Paso’s Peachy Canyon closes in on 30 years

Since 1988, Peachy Canyon has been producing distinct wines from Paso Robles. As with many wineries that have been in Paso that long, Zinfandel stands at the core of what they do. Over the years, Cabernet Sauvignon, Rhone varieties, and in a couple of cases, fine Pinot Noir have popped up and made a stand in Paso. However, Zinfandel remains the grape that many people think of and drink when they pop the cork on a bottle of Paso wine for the very first time.

That’s a good thing, too, because Paso Robles has a ton of producers growing and bottling distinct examples of Zinfandel. Some are single vineyard efforts, others Paso wide cuvees, and still more focus on a sub appellation. Peachy Canyon has their fair share of Zinfandels in a wide portfolio. Here’s a look at some current Zinfandel releases, as well as a couple of other fine wines from Peachy Canyon.

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Peachy Canyon 2014 Incredible Red ($14)

This is mostly Zinfandel (98%) with a splash of Petite Sirah (2%) blended in. If you’re looking for that everyday house red that provides lots of hedonistic drinking pleasure for a reasonable price, here’s a more than solid option. Black fruit aromas and Mexican vanilla bean are evident on the nose. The palate is full flavored, juicy and loaded with red and black fruit flavors. Boysenberry, bits of brown sugar and more are evident on the above average and somewhat lusty finish.

Peachy Canyon 2012 Cirque du Vin ($19)

This blend is comprised of Syrah (60%), Petite Sirah (28%), Zinfandel (5%), Merlot (3%), Malbec (2%) and Tannat (2%). Violet and plum aromas lead the nose. The palate is filled with bits of savory herb, dried cherry, raspberry and more. A touch of bacon fat leads the finish along with bits of toast and continued fruit flavors. This seamless blend will satisfy a crowd with varied tastes. The under-$20 price point makes it a no-brainer purchase.

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Oso Libre embraces sustainability in Paso Robles

The seeds of Oso Libre were planted in 1996 when Chris and Linda Behr purchased 90 acres of property. Over the next 11 years, they took what had been undeveloped land and turned it into a vineyard and cattle ranch. On their property, they utilize sustainable farming methods and also embrace renewable energies. Paso Robles has several distinct growing regions. Oso Libre sits in the Adelaida District, which is way out west in Paso, just 10 miles from the Pacific. Their property sits at an elevation of approximately 1,300 feet. I recently tasted through a selection of the family-owned winery’s offerings and found a lot to like. Everything I tasted was undoubtedly Paso – delicious, loaded with solid fruit, obvious curb appeal and reasonably priced for the quality in the bottle. Here’s a look at four wines to reach for at your next dinner.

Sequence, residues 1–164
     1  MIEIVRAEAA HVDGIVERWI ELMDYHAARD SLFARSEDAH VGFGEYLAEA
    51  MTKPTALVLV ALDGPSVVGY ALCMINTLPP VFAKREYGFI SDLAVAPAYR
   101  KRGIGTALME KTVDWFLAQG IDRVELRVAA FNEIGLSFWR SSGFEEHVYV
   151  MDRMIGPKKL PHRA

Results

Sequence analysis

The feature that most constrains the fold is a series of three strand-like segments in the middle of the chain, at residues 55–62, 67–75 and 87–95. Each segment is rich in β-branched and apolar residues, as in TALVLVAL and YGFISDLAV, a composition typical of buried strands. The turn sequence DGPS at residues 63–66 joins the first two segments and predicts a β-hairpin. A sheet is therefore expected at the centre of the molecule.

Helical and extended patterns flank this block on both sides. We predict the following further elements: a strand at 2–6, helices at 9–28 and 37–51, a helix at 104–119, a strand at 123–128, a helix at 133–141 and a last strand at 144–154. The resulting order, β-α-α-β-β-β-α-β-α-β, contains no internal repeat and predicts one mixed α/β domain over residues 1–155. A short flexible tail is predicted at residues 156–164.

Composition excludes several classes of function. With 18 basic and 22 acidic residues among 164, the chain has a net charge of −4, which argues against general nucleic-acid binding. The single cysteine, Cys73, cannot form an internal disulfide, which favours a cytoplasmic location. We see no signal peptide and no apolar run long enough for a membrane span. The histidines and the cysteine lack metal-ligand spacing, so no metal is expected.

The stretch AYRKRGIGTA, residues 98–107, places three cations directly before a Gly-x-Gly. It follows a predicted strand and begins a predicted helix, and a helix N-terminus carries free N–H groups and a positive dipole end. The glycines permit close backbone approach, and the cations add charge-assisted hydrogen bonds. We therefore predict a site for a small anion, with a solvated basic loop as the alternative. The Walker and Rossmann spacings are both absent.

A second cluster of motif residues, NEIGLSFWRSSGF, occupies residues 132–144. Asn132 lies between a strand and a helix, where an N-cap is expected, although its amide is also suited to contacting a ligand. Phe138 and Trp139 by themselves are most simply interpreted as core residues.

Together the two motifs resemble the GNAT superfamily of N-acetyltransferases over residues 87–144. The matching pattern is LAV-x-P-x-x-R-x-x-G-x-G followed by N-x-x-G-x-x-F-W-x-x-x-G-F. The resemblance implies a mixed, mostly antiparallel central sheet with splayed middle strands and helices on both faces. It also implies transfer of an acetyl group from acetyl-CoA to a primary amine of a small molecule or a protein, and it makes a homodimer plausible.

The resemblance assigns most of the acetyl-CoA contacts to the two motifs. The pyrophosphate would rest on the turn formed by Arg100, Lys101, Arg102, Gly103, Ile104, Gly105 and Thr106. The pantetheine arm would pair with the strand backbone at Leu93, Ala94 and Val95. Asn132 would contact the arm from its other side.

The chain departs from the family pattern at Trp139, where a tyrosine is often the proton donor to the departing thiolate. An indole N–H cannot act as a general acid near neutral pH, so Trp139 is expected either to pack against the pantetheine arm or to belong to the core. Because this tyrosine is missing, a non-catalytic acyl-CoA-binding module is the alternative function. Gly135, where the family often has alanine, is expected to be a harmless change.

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Oso Libre 2012 Osezno Zinfandel ($38)

All of the fruit came from the La Vista Vineyard in the Adelaida section of Paso Robles. It was aged over 20 months in a combination of new Hungarian (30%) and neutral French (70%) oak. 860 cases were produced. The beautifully engaging nose is loaded with red jam fruit and wisps of vanilla bean. Oodles of fresh, vibrant red fruit and spice flavors dominate the juicy palate. Pepper, hints of cinnamon and continued red fruit flavors are evident on the above average finish. This fruit-driven Zin retains excellent balance and will pair well with a wider array of foods than most Zinfandels.

Oso Libre 2011 Querida Cabernet Sauvignon ($42)

In addition to Cabernet Sauvignon (90%), some Merlot (10%) was also blended in. All of the fruit came from the Abernathy Vineyard in Adelaida. It was aged over 14 months in new Hungarian (30%) and neutral French (30%) oak. 360 cases were produced. Paso is best known for Zinfandel and Rhone varieties. However, there is an increasing number of well-heeled Cabernet’s emerging, and this is one of them. Juicy black and red fruit aromas leap from the nose here along with bits of savory herbs. Raspberry and cherry flavors are evident on the palate, which has good depth. Bits of earth, spice and more appear on the solid finish. This Cabernet has racy acid and approachable tannins. Drink it over the next five years. Pair it with red meat for best results.

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Grgich Hills Estate: A Napa Valley legend